It’s happened again. Despite trying to make sure I used up all my purchased seeds a few packets have somehow escaped my notice and have now passed their use-by date. I could simply throw them away and buy new ones, but I don’t like spending money if I can help it! However, if I sow them and they don’t germinate I will be wasting potting mix and my time. So instead, it’s time for a simple germination test.
Why Test Seed Viability?
Testing seed viability is worthwhile when, like me, you want to take a punt on old seeds that are past their use-by date, or if you accidentally tore off the use-by date on the seed packet and have no idea how long that seed packet has been kicking around your seed box (yep – done that too!).
There’s no need to test seeds that are within their use-by date, unless they’ve been incorrectly stored. Seeds stored at too high a temperature or in humid conditions may turn out to be duds, but a germination test will let you know for sure.
Self-saved seeds can also benefit from a viability test if they’re approaching the end of their typical shelf life, or if it’s your first try at saving seeds from a new plant or variety. This way you can be sure that your technique is sound and your storage conditions optimal.
Paper Towel Germination Test
Testing seed viability sounds as if it might be a complicated, specialized business, but it’s really not. All you need is paper towels, plastic bags (such as sandwich or freezer bags), a small receptacle and a marker pen. Oh, and some suspect seeds of course!
For each plant or variety you want to test, you need one sheet of paper towel and one plastic bag. Use a spray bottle or mister to moisten the paper towel so that it’s evenly moist, but not spongy wet. Count out at least ten seeds to use as your test specimens – ten is a good number, at least if your math is as iffy as mine, because it’s easy to work out a percentage from. Having said that, I find that with very small seeds like lettuce or onion it’s better to sprinkle a pinch of seeds on the surface of the paper towel then do the counting once they’ve sprouted.
Space the seeds evenly across the top half of the paper towel, then fold the paper towel in half so that there’s moist towel on both sides of the seeds. Roll the paper towel into a tube.
Label your plastic bag with the date and the name of the plant, including the variety. The bag doesn’t need to be sealed – leaving it open a little will allow some air in, but the paper towels won’t dry out too fast. Pop your seed-impregnated paper towel inside and stand the bag on end in a container.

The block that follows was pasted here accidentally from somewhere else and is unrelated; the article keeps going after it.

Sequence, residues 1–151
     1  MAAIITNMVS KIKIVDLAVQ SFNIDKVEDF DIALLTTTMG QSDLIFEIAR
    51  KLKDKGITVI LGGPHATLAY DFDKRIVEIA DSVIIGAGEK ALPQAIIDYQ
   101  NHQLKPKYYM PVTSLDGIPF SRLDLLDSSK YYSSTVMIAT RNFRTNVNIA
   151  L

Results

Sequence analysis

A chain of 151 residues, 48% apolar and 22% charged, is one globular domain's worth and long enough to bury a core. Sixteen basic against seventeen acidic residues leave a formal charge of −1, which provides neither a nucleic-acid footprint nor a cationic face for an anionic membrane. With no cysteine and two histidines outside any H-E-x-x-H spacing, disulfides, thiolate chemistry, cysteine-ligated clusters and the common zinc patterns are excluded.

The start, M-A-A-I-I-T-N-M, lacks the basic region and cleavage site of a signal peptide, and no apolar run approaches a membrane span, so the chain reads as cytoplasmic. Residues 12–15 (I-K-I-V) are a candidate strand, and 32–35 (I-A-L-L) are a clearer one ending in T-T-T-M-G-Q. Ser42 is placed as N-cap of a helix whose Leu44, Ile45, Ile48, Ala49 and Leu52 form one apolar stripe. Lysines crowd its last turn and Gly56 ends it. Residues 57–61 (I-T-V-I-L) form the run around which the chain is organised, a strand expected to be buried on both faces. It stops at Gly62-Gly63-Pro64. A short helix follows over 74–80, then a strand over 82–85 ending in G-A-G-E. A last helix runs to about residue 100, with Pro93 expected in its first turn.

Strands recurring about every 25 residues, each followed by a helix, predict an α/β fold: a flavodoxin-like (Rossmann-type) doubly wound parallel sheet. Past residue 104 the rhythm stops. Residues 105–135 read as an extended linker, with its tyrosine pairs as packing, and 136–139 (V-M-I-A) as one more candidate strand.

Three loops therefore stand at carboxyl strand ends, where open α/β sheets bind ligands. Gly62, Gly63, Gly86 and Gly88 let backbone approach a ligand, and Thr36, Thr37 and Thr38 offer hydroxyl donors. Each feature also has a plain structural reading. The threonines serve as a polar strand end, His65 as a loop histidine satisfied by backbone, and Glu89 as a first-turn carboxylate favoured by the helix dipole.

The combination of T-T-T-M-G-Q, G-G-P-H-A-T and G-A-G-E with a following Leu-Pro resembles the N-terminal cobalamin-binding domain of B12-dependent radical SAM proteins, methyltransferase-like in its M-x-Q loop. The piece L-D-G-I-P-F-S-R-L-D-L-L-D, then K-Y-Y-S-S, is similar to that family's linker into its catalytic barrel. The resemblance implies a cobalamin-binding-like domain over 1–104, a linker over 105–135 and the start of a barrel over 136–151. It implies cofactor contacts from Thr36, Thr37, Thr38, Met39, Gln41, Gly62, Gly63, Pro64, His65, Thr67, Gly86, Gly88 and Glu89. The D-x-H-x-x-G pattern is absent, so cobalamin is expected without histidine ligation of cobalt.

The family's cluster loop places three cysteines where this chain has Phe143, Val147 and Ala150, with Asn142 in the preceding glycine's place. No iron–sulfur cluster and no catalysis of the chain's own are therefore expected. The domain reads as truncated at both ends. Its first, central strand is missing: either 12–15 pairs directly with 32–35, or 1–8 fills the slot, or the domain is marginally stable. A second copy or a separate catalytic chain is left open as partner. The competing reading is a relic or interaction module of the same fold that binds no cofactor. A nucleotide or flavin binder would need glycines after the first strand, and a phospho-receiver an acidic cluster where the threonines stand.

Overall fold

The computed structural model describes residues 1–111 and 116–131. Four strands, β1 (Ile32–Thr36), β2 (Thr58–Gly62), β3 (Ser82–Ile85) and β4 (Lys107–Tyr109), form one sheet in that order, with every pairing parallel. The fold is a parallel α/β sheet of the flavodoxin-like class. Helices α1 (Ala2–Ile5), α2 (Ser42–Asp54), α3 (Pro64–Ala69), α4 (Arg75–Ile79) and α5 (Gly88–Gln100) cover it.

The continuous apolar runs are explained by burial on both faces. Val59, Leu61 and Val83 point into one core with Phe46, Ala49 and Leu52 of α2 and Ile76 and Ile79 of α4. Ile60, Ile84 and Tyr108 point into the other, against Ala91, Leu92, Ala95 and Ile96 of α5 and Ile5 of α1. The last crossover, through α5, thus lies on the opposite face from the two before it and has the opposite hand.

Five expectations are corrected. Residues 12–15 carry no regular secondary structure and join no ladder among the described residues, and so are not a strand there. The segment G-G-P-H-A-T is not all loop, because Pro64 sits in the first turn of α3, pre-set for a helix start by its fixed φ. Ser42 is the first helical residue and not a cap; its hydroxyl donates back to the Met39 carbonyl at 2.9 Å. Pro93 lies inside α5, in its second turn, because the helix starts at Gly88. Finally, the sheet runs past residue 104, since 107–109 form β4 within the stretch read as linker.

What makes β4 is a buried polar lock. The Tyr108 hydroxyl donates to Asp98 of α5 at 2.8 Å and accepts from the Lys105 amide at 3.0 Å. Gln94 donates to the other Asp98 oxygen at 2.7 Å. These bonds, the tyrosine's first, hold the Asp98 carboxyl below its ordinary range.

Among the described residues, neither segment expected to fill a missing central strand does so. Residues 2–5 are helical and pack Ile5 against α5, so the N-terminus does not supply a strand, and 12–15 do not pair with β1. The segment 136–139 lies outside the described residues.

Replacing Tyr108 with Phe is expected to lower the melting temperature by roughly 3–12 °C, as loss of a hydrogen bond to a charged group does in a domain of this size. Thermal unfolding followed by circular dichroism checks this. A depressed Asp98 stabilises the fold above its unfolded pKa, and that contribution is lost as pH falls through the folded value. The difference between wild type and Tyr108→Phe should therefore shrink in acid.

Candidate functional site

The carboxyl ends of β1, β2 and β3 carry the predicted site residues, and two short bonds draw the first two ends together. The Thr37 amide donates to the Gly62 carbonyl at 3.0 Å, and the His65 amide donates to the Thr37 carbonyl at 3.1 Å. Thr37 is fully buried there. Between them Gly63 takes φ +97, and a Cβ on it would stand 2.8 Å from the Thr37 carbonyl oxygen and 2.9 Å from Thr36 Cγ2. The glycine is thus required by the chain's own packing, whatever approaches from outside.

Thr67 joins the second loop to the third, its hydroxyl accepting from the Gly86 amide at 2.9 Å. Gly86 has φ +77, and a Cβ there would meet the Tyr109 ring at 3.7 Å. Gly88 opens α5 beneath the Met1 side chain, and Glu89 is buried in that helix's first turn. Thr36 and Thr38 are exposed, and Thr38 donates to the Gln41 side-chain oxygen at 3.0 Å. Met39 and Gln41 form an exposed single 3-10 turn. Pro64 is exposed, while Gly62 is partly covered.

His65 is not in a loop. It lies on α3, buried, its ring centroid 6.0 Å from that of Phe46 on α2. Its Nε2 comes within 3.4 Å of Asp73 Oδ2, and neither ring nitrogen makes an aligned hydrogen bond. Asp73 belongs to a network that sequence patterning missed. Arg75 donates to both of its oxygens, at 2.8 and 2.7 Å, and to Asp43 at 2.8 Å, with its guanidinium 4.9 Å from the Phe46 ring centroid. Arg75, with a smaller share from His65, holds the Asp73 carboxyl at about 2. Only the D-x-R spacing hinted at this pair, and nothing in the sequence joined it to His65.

Try to keep the test seeds in conditions that closely match the ideal germination requirements for the seeds. For most this will mean keeping them warm and moist. You may need to re-wet the towels from time to time using your spray bottle or mister.
A few seeds, such as celery, need light to germinate. In this case, a viability test is even easier: simply place the seeds on top of a sheet of damp paper towel on a plate and leave uncovered.
Check the germination window for your seeds. For peas and beans this is usually about seven to ten days, while for radishes it’s just six to eight days. Others may take longer. Begin checking for germination at the start of the germination window and check daily until the last date they’re expected to germinate.
Count your sprouted seeds. If seven out of the ten have sprouted, hurray! You have a very respectable 70% germination rate. It’s not necessary to have 100% success with a germination test. Obviously the higher the better, but anything above a 50% success rate for seeds is acceptable – just sow two seeds per station for the best chance of at least one germinating. It would be prudent to replace seeds if germination rates are lower than 50%.
For most crops, if there’s no sign of sprouting after a couple of weeks you may as well buy fresh replacements.
Using Sprouted Seeds
It always seems a waste to throw away perfectly good seeds that have burst into life, so if the time is right for sowing that crop by all means plant them! You’ll earn a slight head start and there’s no need to sow extra to make up for potential germination failures.
Another option is to eat them. Sprouting seeds and microgreens are a delicacy, especially during the dark days of winter. Most leafy vegetables and herbs can be eaten as sprouts and as microgreens. It’s fair to say that a measly ten seedlings will not produce enough to satisfy an early spring craving for fresh homegrown vegetables, but it is a useful way to find out how the young plants taste. That way you know which ones are worth sprouting for eating when you have a surplus of seeds!